Children on Indonesia's Nias island returned to their schools Monday for the first time since last week's massive earthquake, many still traumatised by the disaster that killed some of their classmates and left classrooms in ruins.
Attendance numbers were dramatically down but teachers were not certain this reflected casualties from the March 28 quake estimated to have killed up to 1,300 people.
At the SMP Negeri 3 High School in Nias' largest town, Gunung Sitoli, only 200 children were present from 745 before the powerful earthquake that was felt across northwestern Indonesia. About two-thirds of the teachers showed up.
"Until now we have not heard reports of casualties whether from the students or from the teachers," said principal Fatimano Mendrofa, 49.
"Some of the kids are traumatised, some of them probably went back to their villages but we are happy to see them here," he said.
Twelve of the school's 20 classrooms were destroyed in the quake, which damaged all the 99 schools in the small coastal town. If the student numbers returned to normal, classes would have to be held outdoors, said Mendrofa.
With powerful aftershocks continuing to jolt the island since the quake, some students said they would rather not be inside a classroom.
"I prefer to study outside because I am still a little bit scared," said 14-year-old Ningsih Laoli.
The first lesson Monday was about surviving another major tremor, the principal said.
Students were told how to evacuate their classrooms and run into the school field should another earthquake strike. They then swept up the dust and started lessons.
Many were still shocked by the events of the past week.
Maths teacher Ramani Daili, 43, choked back the tears when she addressed her class. "Even though we are in a situation like this, we still have to study," she said.
Her classroom overlooks the ruins of her home and she -- like hundreds of other islanders -- has been sleeping outdoors since the quake.
"Obviously I am still traumatised. The aftershocks are taking place continuously and they scare us," she said.
In an English lesson in a class nearby, a student translated a sentence spoken in Indonesian by the teacher. "We will get help from the government tomorrow," she wrote on the blackboard.
Asked how she felt, she wrote: "We feel sad."
But some students in the class were pleased to be back at school and with their friends.
"We missed classes already and I would like to see the situation of my school," said 14-year-old Slamet Juang Laoli. Asked if he was afraid of another quake, he said, "A little bit but my girlfriend is here so I am happy."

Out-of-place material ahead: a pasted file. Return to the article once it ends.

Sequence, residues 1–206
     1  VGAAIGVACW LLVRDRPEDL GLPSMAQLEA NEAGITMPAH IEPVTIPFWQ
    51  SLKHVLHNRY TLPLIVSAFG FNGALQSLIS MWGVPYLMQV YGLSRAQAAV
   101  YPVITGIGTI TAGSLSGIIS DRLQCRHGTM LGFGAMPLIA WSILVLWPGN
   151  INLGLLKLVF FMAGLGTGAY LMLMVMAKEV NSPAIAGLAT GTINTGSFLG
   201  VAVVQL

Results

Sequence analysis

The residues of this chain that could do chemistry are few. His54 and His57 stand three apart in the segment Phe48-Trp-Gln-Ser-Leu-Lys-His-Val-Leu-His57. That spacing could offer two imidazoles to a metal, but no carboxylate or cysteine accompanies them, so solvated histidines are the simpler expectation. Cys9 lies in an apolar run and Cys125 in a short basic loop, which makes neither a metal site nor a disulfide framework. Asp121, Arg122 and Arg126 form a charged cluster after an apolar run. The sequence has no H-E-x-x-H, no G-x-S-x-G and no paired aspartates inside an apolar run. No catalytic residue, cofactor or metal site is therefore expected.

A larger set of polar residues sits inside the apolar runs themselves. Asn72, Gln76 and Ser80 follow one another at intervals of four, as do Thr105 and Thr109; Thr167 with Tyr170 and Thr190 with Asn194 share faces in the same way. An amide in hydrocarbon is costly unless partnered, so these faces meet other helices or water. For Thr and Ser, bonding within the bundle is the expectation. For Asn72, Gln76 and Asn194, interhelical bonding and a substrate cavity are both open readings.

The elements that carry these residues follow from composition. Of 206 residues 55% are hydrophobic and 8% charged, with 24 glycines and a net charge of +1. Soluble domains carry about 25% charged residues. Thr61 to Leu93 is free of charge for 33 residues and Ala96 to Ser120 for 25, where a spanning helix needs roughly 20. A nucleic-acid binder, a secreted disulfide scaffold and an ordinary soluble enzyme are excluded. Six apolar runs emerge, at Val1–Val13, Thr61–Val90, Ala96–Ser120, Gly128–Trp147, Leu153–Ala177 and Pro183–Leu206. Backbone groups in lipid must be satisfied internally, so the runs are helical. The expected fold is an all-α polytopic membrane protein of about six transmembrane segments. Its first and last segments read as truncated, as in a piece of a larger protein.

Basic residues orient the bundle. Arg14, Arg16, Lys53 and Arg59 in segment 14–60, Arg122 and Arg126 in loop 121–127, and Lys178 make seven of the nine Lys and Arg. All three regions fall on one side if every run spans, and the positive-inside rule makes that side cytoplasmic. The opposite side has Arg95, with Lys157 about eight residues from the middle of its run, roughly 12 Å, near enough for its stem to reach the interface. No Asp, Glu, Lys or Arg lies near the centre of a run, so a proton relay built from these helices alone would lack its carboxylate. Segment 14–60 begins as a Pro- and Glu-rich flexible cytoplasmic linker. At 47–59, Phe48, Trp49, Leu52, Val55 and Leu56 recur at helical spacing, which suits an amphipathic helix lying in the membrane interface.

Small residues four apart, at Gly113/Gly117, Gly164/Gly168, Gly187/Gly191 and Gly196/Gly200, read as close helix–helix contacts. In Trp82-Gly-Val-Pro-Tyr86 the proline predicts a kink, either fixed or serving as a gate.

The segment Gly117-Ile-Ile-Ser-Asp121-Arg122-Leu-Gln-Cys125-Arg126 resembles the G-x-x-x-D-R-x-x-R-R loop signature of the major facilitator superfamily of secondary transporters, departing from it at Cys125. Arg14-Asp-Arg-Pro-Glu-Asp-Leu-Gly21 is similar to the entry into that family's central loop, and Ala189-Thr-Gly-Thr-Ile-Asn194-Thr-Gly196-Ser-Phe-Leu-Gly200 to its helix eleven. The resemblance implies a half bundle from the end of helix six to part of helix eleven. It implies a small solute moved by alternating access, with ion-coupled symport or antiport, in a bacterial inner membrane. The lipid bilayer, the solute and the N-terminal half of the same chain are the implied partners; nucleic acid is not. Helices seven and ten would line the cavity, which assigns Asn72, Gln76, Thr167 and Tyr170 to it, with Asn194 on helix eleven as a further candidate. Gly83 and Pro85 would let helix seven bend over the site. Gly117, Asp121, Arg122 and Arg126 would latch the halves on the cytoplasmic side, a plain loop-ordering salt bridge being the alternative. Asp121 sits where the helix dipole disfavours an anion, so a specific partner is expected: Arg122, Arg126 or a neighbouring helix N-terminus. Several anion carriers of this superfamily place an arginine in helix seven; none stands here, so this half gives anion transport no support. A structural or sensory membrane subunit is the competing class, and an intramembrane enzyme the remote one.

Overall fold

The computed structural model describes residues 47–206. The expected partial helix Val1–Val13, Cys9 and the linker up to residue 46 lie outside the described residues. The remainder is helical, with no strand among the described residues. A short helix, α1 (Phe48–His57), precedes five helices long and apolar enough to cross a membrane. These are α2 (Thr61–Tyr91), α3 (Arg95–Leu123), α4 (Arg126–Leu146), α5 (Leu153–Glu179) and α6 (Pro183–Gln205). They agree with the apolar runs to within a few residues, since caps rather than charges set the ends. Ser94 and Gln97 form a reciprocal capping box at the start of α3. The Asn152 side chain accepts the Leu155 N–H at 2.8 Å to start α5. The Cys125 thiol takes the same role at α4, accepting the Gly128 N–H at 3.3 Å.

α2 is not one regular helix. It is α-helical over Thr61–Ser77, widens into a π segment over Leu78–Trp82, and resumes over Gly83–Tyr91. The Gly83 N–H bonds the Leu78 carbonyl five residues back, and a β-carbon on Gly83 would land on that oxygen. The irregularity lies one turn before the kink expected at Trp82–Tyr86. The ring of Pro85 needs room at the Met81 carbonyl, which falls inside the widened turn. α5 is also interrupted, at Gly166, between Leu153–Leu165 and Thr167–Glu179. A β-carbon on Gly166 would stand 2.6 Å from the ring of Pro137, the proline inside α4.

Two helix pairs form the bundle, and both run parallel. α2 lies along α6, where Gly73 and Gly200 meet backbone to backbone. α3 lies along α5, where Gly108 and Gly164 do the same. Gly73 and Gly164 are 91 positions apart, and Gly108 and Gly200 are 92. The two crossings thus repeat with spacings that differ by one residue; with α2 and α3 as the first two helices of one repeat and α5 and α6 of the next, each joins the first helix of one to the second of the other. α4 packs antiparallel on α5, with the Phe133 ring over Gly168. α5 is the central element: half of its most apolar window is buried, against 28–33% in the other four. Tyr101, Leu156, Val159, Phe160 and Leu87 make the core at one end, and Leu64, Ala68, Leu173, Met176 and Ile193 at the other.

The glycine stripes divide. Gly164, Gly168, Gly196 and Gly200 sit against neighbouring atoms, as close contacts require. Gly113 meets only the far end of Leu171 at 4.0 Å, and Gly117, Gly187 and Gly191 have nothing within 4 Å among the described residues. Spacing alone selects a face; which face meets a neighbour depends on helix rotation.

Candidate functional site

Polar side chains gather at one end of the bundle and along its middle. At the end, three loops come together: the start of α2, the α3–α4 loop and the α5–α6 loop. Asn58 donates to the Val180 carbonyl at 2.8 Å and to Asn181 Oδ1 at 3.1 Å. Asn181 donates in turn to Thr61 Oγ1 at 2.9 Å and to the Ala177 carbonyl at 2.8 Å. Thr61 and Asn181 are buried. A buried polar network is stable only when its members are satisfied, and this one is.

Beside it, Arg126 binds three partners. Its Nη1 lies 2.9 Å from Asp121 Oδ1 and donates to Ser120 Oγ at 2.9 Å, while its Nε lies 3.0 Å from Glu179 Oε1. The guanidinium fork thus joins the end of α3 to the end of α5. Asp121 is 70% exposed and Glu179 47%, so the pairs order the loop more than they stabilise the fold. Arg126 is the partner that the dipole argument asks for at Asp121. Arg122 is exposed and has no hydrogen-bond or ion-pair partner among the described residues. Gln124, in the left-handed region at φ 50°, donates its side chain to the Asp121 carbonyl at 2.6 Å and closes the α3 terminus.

The news was grim for students and teachers returning to the Saint Xavier Catholic school. Four children were found to have been killed in the quake and 90 percent of the school was destroyed.
Some 100 children turned up, from the 413 before the tremor, many of them not in their school uniforms. They were told to go a neighbouring school on Tuesday for the start of lessons.
"They are a little bit traumatised but their spirits are high because they are here," said 26-year-old computer teacher Romulus Telaumbanua.
The UN children's organisation UNICEF said that while teachers and students had filtered back to some schools, most were not ready to resume proper teaching.
Many had homeless people camping in their grounds, or lacked supplies, and it was not certain if standing school buildings were structurally sound, said UNICEF's Lely Djuhari.
With often intense aftershocks continuing, "The schools need to be assessed as to the extent of the structural damage, whether they are safe enough for the children to return," she said.
UNICEF was planning to send an officer to the island to check the buildings, with authorities aiming to have schools functioning properly in about 10 days, Djuhari added.All rights reserved. © 2005 Agence France-Presse. Sections of the information displayed on this page (dispatches, photographs, logos) are protected by intellectual property rights owned by Agence France-Presse. As a consequence, you may not copy, reproduce, modify, transmit, publish, display or in any way commercially exploit any of the content of this section without the prior written consent of Agence France-Presse.